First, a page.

Charities are supposed to advance the public interest, which is why they aren't taxed. But Abramoff, by his own admission, used them to evade taxes, enrich himself and bribe public officials, according to a plea agreement he signed with federal prosecutors in January . . . .
Abramoff's use and misuse of nonprofits played a key role in each of the three counts of his indictment: conspiracy, mail fraud and tax evasion. He admitted evading $1.7 million in income taxes over three years, in part by using nonprofits to conceal personal income from the IRS.
The fast-growing ranks of tax-exempt, nonprofit organizations are tailor-made for operators like Abramoff.The number of tax-exempt groups in the United States has tripled over the last three decades, but nonprofit groups usually pay no tax, so there is little incentive for the IRS to keep an eye on them.
The lack of oversight is especially meaningful in Washington, where trade associations, public-interest groups and grass-roots lobbying organizations all have tax-exempt status under generous IRS rules designed to foster public debate. Members of Congress are also getting into the act and forming their own charities.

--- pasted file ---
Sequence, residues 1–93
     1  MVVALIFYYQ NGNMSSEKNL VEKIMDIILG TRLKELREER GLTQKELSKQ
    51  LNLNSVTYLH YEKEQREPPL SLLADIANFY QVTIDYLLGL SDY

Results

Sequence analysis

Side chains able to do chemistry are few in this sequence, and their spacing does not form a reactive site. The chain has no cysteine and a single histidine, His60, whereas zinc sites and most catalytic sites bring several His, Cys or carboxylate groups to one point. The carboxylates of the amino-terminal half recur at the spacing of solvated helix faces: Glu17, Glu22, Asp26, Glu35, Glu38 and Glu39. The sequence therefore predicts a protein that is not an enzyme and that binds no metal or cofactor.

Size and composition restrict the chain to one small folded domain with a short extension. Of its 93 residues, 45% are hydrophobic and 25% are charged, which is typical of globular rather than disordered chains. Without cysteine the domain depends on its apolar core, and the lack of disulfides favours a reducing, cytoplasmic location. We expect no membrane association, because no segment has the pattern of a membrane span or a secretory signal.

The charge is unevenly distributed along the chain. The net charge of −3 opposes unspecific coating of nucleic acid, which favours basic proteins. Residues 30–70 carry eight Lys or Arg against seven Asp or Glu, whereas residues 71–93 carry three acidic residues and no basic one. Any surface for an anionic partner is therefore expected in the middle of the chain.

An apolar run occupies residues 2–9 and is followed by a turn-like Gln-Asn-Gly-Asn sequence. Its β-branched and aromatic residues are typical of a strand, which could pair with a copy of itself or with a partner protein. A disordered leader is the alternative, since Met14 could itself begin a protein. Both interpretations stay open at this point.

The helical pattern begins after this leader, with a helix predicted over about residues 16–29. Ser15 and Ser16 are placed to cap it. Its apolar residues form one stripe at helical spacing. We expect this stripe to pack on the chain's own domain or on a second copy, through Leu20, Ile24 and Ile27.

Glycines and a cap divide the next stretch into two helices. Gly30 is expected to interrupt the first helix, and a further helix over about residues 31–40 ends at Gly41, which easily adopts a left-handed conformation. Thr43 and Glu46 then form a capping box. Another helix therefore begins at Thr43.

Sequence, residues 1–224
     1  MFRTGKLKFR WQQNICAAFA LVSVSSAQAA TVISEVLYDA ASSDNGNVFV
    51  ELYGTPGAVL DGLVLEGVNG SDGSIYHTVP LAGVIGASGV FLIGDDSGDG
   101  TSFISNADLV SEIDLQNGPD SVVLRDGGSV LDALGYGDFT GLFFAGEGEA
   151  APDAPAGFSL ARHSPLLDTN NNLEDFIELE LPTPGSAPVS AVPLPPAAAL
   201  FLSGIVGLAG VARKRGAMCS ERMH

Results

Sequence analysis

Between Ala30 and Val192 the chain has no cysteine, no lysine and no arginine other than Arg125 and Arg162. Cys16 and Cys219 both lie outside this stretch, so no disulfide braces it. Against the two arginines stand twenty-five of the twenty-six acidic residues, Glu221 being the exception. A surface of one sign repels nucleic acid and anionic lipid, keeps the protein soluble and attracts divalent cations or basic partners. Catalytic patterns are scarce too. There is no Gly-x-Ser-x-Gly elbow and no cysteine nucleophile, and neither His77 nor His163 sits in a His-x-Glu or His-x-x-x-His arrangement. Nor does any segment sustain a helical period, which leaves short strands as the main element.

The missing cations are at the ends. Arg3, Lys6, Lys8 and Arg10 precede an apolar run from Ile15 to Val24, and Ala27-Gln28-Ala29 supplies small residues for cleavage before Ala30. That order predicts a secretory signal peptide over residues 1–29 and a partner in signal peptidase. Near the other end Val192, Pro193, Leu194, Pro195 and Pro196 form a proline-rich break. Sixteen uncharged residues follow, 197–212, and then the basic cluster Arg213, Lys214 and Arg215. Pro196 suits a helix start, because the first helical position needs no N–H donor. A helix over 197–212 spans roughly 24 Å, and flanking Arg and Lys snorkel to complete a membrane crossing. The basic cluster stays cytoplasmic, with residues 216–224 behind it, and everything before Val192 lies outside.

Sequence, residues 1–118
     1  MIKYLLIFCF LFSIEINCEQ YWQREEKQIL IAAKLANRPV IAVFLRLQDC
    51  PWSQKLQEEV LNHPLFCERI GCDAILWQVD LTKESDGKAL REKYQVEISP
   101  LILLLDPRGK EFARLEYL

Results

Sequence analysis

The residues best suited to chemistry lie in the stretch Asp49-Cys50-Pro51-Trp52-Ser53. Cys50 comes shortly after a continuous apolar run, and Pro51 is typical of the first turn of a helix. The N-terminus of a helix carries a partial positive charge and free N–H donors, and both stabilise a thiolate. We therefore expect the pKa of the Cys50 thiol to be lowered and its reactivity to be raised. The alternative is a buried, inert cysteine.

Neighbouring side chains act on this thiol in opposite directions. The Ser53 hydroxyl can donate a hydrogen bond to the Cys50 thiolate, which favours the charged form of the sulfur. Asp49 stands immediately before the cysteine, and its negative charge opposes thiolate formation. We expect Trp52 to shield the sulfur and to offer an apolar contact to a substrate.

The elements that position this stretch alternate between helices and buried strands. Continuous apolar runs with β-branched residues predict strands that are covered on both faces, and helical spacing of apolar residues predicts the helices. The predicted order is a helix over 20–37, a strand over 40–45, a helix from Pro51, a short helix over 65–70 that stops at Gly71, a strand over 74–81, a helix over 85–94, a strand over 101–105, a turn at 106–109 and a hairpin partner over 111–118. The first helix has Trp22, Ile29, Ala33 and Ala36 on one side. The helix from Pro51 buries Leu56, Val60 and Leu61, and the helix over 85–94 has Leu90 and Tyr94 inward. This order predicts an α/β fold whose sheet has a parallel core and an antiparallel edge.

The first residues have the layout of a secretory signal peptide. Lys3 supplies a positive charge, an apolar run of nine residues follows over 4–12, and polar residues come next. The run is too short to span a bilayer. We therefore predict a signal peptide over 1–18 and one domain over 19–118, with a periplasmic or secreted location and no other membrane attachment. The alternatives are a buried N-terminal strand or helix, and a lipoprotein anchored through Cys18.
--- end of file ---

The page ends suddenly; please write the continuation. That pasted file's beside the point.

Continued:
The revelations coming out of the Abramoff scandal is all the more reason local prosecutors in Indiana should be taking a closer look at the affairs of Eric Miller and Advance America. As we reported just this last weekend, Miller's non-profit group is currenlty lobbying for the passage of a sales tax break which will benefit the RV industry specifically. Miller received more than a half-million dollars, or 60% of his campaign contributions in his unsuccessful bid for Governor in 2004 from Mahlon Miller, the owner of RV manufacturer Newmar Corp. in Nappanee, Indiana. This raises serious questions about whether Mahlon may also be financing Advance America and using its tax-exempt organization to perform lobbying he would otherwise have to register and report to the state and be prohibited from deducting as a business expense.
We also reported earlier this month about the fact that Eric Miller had told an Indianapolis Star reporter last summer that the six-figure legal retainers Advance America was paying to his law firm were for the work furnished by other members of his law firm for the organization--work which involved "lobbying" within the meaning of Indiana's Lobby Law. Yet Advance America, Miller's law firm and the lawyers furnishing the work did not register and report those lobbying activities as required under the Lobby Law.
And still other reporting we've done shows that the organization, while devoting most of its efforts to lobbying the Indiana General Assembly and local governments, reports but a small fraction of its expenditures for lobbying purposes.
Like with Abramoff, Eric Miller's charity seems to begin at home. He has personally earned well in excess of $1 million courtesy of the tax-exempt Advance America. The issues raised by Advance Indiana are all legitimate matters for public scrutiny. We only hope that someone in the mainstream media will finally figure this out as well.